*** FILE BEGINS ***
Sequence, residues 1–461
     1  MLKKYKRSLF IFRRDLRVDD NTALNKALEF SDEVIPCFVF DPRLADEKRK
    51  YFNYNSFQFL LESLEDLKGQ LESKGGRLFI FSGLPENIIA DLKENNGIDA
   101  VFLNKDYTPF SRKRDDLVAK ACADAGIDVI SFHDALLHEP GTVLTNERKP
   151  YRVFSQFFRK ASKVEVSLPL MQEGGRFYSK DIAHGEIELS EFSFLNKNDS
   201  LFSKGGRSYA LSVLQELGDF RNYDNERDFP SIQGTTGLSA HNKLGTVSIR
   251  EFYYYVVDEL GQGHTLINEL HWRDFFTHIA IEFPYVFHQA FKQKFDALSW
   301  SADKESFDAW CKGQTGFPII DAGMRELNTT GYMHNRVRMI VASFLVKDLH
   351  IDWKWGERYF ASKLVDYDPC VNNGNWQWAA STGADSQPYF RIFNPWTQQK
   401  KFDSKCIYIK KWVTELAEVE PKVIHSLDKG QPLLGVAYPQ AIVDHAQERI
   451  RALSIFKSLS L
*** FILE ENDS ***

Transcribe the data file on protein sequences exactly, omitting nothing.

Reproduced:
Sequence, residues 1–461
     1  MLKKYKRSLF IFRRDLRVDD NTALNKALEF SDEVIPCFVF DPRLADEKRK
    51  YFNYNSFQFL LESLEDLKGQ LESKGGRLFI FSGLPENIIA DLKENNGIDA
   101  VFLNKDYTPF SRKRDDLVAK ACADAGIDVI SFHDALLHEP GTVLTNERKP
   151  YRVFSQFFRK ASKVEVSLPL MQEGGRFYSK DIAHGEIELS EFSFLNKNDS
   201  LFSKGGRSYA LSVLQELGDF RNYDNERDFP SIQGTTGLSA HNKLGTVSIR
   251  EFYYYVVDEL GQGHTLINEL HWRDFFTHIA IEFPYVFHQA FKQKFDALSW
   301  SADKESFDAW CKGQTGFPII DAGMRELNTT GYMHNRVRMI VASFLVKDLH
   351  IDWKWGERYF ASKLVDYDPC VNNGNWQWAA STGADSQPYF RIFNPWTQQK
   401  KFDSKCIYIK KWVTELAEVE PKVIHSLDKG QPLLGVAYPQ AIVDHAQERI
   451  RALSIFKSLS L